During the war, women hid messages
inside white flowers
tucked in their hair. They crossed
enemy lines, slipped the blossoms
into soldiers’ fists. What might
have been a child’s crown
for her communion, an offering
at a grave, might win the war.
The ovule, the style, the stigma—
what seemed to unfurl overnight
took weeks, even years.
Dream your hand plucks the bloom,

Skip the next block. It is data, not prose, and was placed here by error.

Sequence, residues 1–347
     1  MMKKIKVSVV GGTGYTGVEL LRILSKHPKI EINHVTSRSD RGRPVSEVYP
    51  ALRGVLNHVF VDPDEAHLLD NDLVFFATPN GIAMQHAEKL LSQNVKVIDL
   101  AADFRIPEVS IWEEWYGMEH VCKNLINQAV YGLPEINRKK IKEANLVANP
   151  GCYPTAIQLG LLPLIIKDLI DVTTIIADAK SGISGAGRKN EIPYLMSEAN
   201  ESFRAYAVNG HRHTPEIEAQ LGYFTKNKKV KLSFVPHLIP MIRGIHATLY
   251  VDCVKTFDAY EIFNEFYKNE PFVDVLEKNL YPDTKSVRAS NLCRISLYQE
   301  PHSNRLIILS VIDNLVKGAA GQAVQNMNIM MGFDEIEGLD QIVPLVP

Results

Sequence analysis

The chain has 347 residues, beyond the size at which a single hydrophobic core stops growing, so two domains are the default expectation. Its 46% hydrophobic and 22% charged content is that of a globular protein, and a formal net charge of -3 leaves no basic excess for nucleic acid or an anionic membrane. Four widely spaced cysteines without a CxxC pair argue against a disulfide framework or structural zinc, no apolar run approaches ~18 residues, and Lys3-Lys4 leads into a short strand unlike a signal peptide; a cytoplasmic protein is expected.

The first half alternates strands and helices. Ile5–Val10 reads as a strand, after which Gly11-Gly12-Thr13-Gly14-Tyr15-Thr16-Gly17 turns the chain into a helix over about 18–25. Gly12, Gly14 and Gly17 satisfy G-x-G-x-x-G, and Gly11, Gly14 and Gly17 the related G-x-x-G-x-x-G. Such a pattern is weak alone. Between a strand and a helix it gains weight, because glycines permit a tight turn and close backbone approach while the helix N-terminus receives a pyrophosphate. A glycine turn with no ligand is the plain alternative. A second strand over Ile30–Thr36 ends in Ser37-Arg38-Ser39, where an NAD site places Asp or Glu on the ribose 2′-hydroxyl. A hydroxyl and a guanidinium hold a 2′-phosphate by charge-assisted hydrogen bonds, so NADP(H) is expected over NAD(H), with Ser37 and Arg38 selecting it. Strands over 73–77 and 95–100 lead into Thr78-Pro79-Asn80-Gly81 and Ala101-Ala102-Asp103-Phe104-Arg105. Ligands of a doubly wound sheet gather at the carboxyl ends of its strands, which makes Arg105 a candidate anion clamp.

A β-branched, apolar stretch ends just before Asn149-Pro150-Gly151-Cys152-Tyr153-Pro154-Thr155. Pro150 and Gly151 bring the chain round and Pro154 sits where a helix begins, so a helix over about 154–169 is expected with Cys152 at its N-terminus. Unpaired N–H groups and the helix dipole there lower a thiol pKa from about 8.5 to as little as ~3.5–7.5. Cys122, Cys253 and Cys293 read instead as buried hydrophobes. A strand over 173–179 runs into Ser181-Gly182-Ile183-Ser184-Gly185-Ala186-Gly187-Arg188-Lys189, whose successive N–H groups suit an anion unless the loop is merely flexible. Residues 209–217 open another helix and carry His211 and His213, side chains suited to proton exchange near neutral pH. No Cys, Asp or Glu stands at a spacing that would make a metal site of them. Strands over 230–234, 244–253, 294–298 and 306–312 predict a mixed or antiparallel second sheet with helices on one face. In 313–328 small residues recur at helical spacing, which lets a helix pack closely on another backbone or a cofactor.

its widest petals like porcelain,
and a halo of bees skims your arms.
Upon waking, walk to the docks,
the bloom heavy behind your ear,
and breathe in its sweet persistence,
its scent of sea salt and gutted fish.
Copyright © 2019 by Helena Mesa. Originally published in Poem-a-Day on December 9, 2019, by the Academy of American Poets.